Professor Peter Horby said the UK was at a “precarious point” as cases and hospital admissions continue to rise in many regions. He added that the “critical mission” now was to protect the NHS to avoid all non-essential hospital services being cancelled. He said: “We really need to provide care to everybody – those with Covid and those without. “The way to do that is to keep the numbers down.” Prime Minister Boris Johnson is also preparing to brief cabinet ministers ahead of unveiling his new three-tier lockdown system.
The Government has spent this weekend informing mayors and council leaders around the UK about the new three-tier “Local COVID Alert Levels”, which are the new system of restrictions that will be announced by Boris Johnson tomorrow.
Areas in the north and midlands are likely to be placed in the third tier, the toughest restriction, as cases continue to spike.
Following backlash from some areas over the new restrictions, mayors and council leaders will also get more of a say in the new rules under new “co-design” restrictions.
Regions placed in the “very high” tier will see hospitality or leisure venues closed.
The UK recorded another 15,116 COVID cases and 81 more deaths on Saturday.
This is up from 13,864 infections on Friday, 12,827 seven days ago and 6,739 two weeks ago.
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Coronavirus news: Millions of people could face being told not to leave
12.34pm update: National lockdown could have been avoided with a three-tier system from the start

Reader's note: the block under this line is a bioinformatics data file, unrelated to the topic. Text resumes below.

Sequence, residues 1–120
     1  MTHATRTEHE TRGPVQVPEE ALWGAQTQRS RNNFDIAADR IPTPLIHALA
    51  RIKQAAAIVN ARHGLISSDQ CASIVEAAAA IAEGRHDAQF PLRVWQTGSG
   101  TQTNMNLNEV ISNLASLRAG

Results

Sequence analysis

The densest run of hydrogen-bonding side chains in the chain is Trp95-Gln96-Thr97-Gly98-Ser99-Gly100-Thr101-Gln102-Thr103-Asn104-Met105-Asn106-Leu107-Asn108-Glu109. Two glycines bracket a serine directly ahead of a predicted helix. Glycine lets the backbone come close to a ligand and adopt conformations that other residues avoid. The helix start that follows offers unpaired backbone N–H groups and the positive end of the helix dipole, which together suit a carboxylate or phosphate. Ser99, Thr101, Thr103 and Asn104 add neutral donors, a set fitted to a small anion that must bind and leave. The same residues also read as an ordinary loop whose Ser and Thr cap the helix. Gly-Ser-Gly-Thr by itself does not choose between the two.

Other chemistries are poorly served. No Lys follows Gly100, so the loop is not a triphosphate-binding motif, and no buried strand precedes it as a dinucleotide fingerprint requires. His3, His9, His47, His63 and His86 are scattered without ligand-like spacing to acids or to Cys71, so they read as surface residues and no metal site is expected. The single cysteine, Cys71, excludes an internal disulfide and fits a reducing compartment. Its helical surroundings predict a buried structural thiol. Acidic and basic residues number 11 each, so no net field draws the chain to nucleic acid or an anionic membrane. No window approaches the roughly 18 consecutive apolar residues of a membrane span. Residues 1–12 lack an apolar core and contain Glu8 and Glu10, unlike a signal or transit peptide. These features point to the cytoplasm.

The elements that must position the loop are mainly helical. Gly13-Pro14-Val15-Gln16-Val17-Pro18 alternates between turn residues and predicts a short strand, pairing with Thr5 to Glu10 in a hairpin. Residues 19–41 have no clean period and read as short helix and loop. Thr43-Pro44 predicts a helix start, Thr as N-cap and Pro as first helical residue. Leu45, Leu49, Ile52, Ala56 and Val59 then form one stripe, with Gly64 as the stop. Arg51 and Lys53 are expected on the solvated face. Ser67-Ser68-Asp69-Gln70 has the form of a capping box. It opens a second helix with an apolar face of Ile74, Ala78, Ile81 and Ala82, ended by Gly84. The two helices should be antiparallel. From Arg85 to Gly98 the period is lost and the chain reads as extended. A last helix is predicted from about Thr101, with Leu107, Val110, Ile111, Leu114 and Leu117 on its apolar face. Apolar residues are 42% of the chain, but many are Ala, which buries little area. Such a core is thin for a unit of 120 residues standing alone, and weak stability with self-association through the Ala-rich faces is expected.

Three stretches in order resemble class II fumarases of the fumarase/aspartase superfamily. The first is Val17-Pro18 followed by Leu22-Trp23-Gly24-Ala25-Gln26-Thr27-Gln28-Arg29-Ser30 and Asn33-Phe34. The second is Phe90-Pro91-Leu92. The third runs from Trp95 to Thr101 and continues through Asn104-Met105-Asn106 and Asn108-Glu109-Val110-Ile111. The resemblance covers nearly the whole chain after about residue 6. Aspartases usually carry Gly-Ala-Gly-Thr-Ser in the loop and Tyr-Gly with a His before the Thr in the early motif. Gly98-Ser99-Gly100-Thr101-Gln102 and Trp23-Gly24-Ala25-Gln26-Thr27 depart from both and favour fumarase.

Professor John Ashton, former regional director of Public Health England, told Sky News: “This three-tier approach would have been the way to go in the beginning if we had had adequate testing and tracing.
“We could have avoided locking the whole country down.
“In fact now, what we should be doing is doing it in reverse order. We need a lockdown of most of the country again now to try and get back in control.
“I would not be surprised if the testing and tracing collapses completely in the next week or two. It has been a disaster.”
He added: “The government needs to put its hands up and admit it has made lots of mistakes, reach out and form a coalition with the best people nationally – we haven’t got the strongest ministerial group around this at all – and really mobilise the country.”
11.02am update: Council leader warns ‘no evidence closing pubs works’
Richard Leese, leader of Manchester City Council, told Times Radio there was a “large gulf” between the city and Government in ongoing discussions about further restrictions.
He said: “We seem to have an almost impossible task of penetrating the Westminster bubble.”
Sir Richard said the council’s own data showed there was “no evidence closing pubs works”.
He added: “I think we believe with good cause, because of the data and knowledge of what is going on, on the ground we have far more finely grained data than government does and we are in a far, far better position to lead in the containment process.